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For Whom the Bell Tolls

Stage 1 – Dunboyne-Portumna 148k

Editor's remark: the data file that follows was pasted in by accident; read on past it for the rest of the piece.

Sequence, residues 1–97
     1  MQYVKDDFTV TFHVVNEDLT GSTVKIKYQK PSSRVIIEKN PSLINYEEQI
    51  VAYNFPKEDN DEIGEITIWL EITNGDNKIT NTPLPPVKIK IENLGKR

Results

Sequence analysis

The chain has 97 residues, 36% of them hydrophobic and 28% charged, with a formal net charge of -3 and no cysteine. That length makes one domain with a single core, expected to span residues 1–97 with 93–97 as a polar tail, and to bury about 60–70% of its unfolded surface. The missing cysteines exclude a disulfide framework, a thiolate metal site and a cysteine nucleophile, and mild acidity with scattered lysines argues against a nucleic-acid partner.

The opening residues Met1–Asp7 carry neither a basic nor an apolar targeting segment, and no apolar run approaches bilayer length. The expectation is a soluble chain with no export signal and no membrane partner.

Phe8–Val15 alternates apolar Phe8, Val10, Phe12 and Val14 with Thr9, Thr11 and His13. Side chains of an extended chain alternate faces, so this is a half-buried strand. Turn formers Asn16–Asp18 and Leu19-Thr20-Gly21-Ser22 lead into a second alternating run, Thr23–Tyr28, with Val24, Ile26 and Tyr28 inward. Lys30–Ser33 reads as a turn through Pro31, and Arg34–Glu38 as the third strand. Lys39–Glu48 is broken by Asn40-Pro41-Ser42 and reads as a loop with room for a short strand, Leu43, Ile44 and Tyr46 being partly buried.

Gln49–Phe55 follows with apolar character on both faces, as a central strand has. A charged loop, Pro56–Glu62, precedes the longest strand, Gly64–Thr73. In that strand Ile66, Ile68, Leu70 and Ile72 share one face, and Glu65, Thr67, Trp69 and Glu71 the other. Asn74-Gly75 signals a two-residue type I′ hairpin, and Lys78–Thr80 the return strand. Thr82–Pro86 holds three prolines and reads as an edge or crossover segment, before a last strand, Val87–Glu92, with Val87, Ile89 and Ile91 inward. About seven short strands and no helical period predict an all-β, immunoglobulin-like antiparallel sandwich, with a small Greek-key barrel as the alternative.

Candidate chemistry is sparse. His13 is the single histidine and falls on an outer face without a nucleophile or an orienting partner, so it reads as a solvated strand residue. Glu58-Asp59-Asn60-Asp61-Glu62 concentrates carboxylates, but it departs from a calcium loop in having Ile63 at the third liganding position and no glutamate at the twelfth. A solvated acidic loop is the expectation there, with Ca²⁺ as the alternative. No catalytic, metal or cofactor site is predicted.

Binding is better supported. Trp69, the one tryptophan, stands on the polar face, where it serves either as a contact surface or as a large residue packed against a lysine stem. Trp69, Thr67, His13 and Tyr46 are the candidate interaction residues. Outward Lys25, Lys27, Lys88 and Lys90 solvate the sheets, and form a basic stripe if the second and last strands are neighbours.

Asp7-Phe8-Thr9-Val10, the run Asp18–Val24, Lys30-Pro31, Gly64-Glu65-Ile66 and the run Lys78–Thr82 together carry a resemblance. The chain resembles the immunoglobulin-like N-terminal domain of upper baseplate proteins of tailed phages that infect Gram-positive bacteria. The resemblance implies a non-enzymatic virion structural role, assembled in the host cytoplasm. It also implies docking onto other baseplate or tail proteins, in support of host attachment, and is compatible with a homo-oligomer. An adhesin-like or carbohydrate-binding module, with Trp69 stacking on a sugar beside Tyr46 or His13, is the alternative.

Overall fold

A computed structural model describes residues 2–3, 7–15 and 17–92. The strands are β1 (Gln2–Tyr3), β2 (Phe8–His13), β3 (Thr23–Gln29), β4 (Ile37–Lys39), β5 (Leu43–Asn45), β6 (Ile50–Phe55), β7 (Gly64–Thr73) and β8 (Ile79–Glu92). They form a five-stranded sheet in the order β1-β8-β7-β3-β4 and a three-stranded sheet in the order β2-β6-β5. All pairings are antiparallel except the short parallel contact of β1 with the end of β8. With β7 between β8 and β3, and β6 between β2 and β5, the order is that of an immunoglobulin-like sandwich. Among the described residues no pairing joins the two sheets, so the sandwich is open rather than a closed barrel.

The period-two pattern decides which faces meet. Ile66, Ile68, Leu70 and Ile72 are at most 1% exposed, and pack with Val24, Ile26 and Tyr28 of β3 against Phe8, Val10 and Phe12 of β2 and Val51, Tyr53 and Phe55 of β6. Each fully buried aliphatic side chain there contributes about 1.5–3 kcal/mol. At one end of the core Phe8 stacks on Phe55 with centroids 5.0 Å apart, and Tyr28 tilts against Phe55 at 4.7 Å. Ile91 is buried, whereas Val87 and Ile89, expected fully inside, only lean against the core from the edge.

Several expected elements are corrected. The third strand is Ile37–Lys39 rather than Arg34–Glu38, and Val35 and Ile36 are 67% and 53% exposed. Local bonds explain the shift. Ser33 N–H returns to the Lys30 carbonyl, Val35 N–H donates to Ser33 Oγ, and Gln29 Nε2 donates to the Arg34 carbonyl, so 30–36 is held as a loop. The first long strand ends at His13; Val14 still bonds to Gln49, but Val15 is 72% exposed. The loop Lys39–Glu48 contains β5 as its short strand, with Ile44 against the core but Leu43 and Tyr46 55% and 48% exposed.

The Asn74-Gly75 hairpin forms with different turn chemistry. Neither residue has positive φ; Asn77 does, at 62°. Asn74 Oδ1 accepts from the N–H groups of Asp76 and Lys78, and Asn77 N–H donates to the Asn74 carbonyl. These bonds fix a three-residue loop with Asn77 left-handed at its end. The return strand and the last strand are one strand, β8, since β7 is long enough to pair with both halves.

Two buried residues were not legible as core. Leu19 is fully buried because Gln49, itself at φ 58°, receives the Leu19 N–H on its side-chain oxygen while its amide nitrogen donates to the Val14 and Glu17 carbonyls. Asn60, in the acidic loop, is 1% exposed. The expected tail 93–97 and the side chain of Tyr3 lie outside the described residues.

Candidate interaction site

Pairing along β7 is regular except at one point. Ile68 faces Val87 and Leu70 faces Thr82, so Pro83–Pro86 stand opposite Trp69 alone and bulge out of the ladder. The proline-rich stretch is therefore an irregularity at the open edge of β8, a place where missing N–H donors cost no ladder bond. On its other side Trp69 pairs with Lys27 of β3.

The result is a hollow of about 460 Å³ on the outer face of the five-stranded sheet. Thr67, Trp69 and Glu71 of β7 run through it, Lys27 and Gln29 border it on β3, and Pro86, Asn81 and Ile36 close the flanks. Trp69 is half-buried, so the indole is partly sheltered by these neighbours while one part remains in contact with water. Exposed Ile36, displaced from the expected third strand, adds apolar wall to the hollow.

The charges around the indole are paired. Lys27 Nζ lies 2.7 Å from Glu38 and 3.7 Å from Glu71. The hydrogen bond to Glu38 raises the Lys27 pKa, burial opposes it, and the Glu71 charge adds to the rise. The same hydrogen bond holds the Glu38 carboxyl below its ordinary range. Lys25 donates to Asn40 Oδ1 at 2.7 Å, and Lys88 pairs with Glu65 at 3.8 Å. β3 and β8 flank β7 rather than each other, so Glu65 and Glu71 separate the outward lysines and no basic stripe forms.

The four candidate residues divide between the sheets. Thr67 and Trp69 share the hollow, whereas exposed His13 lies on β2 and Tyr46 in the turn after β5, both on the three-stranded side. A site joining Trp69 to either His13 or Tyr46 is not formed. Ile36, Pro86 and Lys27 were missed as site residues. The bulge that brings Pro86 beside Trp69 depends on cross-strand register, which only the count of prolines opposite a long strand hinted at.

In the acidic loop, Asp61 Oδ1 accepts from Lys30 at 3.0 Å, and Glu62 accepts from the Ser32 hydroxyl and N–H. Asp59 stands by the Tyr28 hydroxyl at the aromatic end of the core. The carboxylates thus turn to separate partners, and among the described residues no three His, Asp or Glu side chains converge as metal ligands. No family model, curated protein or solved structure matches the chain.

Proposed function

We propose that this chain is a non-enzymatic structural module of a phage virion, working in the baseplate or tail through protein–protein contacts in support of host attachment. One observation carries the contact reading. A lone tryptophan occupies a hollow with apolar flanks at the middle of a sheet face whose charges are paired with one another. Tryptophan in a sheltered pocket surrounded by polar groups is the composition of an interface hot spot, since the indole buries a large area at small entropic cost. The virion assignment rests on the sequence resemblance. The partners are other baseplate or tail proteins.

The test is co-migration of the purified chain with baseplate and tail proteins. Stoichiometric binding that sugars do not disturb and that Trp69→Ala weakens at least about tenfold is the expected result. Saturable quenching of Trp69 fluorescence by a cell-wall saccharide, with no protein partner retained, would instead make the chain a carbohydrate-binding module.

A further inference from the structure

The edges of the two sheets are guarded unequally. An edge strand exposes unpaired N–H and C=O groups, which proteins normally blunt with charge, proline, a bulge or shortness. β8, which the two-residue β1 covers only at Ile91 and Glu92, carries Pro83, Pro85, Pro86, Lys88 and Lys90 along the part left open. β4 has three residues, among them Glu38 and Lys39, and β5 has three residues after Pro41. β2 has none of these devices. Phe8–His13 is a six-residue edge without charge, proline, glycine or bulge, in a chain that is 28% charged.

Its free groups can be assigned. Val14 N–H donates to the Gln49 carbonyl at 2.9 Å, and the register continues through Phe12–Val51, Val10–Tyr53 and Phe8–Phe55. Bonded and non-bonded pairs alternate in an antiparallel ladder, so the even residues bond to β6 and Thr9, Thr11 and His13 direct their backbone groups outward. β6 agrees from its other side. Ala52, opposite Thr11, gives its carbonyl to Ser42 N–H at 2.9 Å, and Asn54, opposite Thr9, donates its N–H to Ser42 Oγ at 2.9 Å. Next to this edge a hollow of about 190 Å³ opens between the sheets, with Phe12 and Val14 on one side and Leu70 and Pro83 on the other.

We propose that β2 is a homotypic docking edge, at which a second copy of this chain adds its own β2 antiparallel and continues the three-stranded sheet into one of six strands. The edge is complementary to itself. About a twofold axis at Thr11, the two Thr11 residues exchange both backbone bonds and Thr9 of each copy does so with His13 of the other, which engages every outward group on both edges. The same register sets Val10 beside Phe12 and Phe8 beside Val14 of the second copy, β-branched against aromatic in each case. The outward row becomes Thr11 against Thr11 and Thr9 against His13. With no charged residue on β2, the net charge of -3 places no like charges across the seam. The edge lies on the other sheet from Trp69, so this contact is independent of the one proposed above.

Being Sunday the bell for Sunday mass tolled ominously for the riders each hour as we went through the motions of pinning race numbers on and sorting out what to wear for the conditions. The weather was changeable but the most important factor was that there was a fairly strong westerly wind blowing. This was good news for me as it would keep a lid on the attacks as nobody would fancy jumping straight into a gale all the way to County Galway. Still, the course had plenty of narrow roads and twists and turns meaning that crosswinds could play a key role in the outcome. The first big split came about half-way through Portarlington when suddenly 20 riders up front got themselves into a quasi-echelon. I was about 6oth place so missed out on the split. However, my team-mate Anthony came up to me and asked whether we were the only two SDCC riders up here. I was thinking what do you mean, we're not up, we're behind a move. Then I looked over my shoulder and realised I was fourth rider from the back. The main bunch was 200 yards further back the road. Nobody in our group was keen on closing to the front group, which would have made a dangerous split of about 60 riders and so the lads behind managed to close the gap after about ten minutes. Thus, I learned that the race can suddenly split and that you can find yourself in a group with an advantage for no reason. Hmm, I must make sure to stay up the front. It all came back together and with about 20k to go everybody was getting itchy for the finish. No one team was prepared to set tempo for their sprinter so it started getting stressful as the wind was keeping the pace down at the front but riders further back in the draft of the bunch were trying to move up for the finish thereby putting on a squeeze in the middle. Inevitably a crash happened, two guys went down on the left and then fifty of us piled on top of them. I slammed on the breaks but it wasn't enough and so I went over the bars on top of a couple of bodies and bikes. They broke my fall but the whole road was blocked meaning about 20 riders sneaked away at the front with about 7k to go. Once I disentangled my bike and climbed out of the bush I had to pick my way through the carnage on the road. It's funny, crashes are a part of bike-racing but I always feel like a moto-gp rider when I go down, my hand is always still attached to the throttle and I jump straight back on automatically without thinking about me or my bike. All I can think about is not losing time to other riders. Once I got through the debris and checked on my team-mate Anthony who came down hard in the crash, I pedalled on up the road. But when you scream to a halt in the middle of a pedal-stroke your muscles lock up and so it was horrible just getting going again. A few of us worked up to groups but a little later the race was stopped by the race director to allow everyone back on. It wasn't fair for 85% of the bunch to lose time on GC due to a huge pile-up. When it restarted I just kept trying to move forward. The pace was fast now and riders where all over the place. I wasn't sure what would happen, I thought they might neutralise the overall time but leave the race for the stage. Luckily I didn't risk that call as in the end our time on the stage would indeed count. On the finishing straight there was another crash to my left. People just exhaust their concentration and touch wheels. I just kept pedaling and trying to go around tiring wheels. I wasn't up for the sprint but I think I managed to get onto the back on the front group by the time I crossed the line.  In the end I was 41st on the stage 4 seconds off the stage-winner and the new yellow jersey.